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In a May 2011 interview for the Financial Times, the “Bad Romance” singer said that her hugely popular world tour, Monster Ball, left her bankrupt after its first leg. “I put everything in the show,” she told interviewer Stephen Fry. It included multiple costume changes, elaborate set designs, and reportedly, quite a bit of experimenting and reformatting. She recalled being astonished to learn that she was three million dollars in debt (“This is ridiculous, I have five number-one singles,” she said), but fortunately for her, the tour was so successful that she earned the money back. Gaga claims not to care about money in the interview, though she did buy her parents a Rolls Royce simply because their old license plate that said “Lady Gaga” on it annoyed her. Wouldn’t a quick phone call to the DMV have cost much less?
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One might assume that Trump, with his sprawling, ostentatious empire, could never run out of money. That might be true of the man himself, but his businesses are another story. In fact, properties and companies under his name have filed for bankruptcy in 1991, 1992, 2004, and 2009. (All that gold-plating in his hotels must’ve added up fast.) Ironically, when he made a move toward a presidential nomination in April 2011, he boasted that his business savvy—as evidenced by his sizable bank account—could save the economy. “I have a much bigger net worth … my net worth is many, many, many times Mitt Romney’s,” he said in an April 2011 interview. Hmm ...you think he’s really talking about bank accounts?
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Those deep in debt should take heart—the Great Emancipator himself was in the same sad spot back in 1833, when he was just a young entrepreneur dealing with his struggling general store in Illinois. Lincoln sold his share of the business, but after his partner died, he became responsible for a whole new share of debts. It took him until the 1840s to pay off the back payments, and then two decades later, he became this country’s sixteenth president. It just goes to show that debt doesn’t always stop you from achieving your dreams.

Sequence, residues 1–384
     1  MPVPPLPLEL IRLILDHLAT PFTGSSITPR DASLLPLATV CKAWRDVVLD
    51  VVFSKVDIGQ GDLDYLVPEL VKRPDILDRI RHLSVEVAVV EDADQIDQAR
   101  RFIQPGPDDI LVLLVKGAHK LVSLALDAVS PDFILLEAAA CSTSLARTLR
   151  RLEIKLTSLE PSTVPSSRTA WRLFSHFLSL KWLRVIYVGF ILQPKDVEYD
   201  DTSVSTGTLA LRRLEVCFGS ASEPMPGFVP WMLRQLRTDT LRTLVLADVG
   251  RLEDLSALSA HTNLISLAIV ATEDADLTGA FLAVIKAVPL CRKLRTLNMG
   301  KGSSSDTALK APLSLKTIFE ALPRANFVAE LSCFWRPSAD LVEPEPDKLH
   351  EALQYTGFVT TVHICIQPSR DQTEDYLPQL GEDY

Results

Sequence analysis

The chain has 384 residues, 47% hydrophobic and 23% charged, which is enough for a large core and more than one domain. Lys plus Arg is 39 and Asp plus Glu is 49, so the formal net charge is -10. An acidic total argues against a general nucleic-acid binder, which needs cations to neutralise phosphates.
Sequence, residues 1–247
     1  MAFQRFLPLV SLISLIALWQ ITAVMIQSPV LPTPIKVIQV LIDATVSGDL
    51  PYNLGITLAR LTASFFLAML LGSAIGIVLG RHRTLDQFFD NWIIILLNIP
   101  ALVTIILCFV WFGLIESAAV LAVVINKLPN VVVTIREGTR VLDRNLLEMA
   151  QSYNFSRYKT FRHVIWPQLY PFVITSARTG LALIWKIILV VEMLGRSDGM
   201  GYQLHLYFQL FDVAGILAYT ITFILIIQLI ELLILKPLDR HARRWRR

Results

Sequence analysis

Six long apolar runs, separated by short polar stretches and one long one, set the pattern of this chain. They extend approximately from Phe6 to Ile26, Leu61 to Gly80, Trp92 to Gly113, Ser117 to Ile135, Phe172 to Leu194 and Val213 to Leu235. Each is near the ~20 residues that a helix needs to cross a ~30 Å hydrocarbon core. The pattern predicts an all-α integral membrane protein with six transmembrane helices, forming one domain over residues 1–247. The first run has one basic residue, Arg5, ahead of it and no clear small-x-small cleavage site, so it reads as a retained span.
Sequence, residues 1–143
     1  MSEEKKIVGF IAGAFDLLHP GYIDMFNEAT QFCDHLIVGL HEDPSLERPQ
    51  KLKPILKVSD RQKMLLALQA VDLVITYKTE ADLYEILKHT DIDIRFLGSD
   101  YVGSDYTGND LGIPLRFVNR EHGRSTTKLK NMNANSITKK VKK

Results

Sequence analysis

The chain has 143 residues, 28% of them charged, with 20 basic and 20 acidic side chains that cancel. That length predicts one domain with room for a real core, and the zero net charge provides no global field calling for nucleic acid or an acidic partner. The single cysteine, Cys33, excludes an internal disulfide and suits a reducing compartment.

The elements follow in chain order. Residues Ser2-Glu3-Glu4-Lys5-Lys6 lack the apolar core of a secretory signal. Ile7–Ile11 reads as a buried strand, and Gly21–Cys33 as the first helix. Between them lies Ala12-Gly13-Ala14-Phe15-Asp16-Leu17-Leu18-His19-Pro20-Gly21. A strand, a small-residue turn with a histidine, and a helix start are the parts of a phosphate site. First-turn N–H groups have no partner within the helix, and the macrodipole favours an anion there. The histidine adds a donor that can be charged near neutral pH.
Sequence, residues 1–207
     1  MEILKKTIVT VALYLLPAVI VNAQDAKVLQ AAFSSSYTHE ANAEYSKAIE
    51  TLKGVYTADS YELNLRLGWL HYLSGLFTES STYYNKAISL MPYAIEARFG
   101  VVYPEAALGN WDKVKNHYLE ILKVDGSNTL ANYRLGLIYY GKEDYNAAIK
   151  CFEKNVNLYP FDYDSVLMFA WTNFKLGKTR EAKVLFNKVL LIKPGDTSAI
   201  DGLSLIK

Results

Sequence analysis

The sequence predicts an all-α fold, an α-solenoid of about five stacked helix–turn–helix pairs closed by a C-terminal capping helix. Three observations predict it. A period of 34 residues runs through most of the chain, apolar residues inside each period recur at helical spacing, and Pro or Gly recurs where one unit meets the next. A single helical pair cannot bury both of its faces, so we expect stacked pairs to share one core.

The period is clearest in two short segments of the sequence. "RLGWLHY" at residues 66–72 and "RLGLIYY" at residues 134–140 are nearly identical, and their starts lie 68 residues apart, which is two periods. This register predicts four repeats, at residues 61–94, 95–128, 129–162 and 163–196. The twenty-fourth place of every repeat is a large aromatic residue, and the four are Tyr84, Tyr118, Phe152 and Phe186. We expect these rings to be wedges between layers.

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During the late 1980s and early ‘90s, MC Hammer was at the top of the music world, having scored moneymaking hits with “U Can’t Touch This” and “Too Legit to Quit.” He celebrated his good fortune by spending a whole lot of it—a twenty-room mansion here, a whole wardrobe of jazzy “Hammer pants” there. The good times came to an end when the rap star filed for bankruptcy in 1996. Years of struggle followed, and in 1997, Hammer joined the ministry, feeling that his lack of faith and out-of-whack priorities had led to his financial demise. Today he’s entered the social media market and has launched a dance site called DanceJam. However, his money woes aren’t too far behind him—in 2009, his tax bills added up to over $600,000.
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Basinger filed for Chapter 11 in May 1993, shortly after she lost a breach-of-contract lawsuit filed against her by the producers of a movie called Boxing Helena. After she backed out of starring in the flick and Main Line Pictures went after her for millions of dollars, she declared bankruptcy, arguing that she lacked the necessary assets to cover the payment. As a result, Basinger had to sell Braselton, Georgia, a town she invested in for twenty million dollars in 1989.
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When Tyson filed for bankruptcy in 2003, he claimed that he had “been in financial distress since 1998,” citing taxes and lawsuits as the main money vacuums. Information on his many creditors was leaked to the press soon after—making it obvious that Tyson also had a ludicrous spending habit. Aside from the almost eighteen million dollars he owed in taxes, the infamous boxer also had hefty tabs at jewelers, limousine services, car dealerships, and other luxury businesses. Despite boxing matches being the proposed source of future income in his bankruptcy deal, he hung up his gloves in 2005. These days, he’s converted to a vegan diet, has a show on Animal Planet called Taking on Tyson, and claims to live paycheck to paycheck.
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Things started going downhill for Reynolds after his messy divorce from Loni Anderson in 1993. The legal fees and settlement, as well as a series of bad investment choices, a lack of interest from movie producers, and sluggish performances at the box office, led the one-time Hollywood powerhouse to declare bankruptcy in 1996. At the time, Reynolds was ten million dollars in debt, but by 1998, he emerged from bankruptcy—the same year he won an Oscar and a BAFTA for Best Supporting Actor in Boogie Nights.
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Even being one of the most famous writers in history doesn’t save you from money problems. Twain’s major downfalls were the failure of his publishing house and his investment in a typesetter machine that never quite lived up to its promise of ingenuity and efficiency. Much of his book profits went into fixing and attempting to perfect the Paige typesetter machine, but it proved to be a money pit that led Twain to declare bankruptcy in 1894. He embarked on a speaking tour around the world a year later in an attempt to pay off his debts, which he finally did in 1898.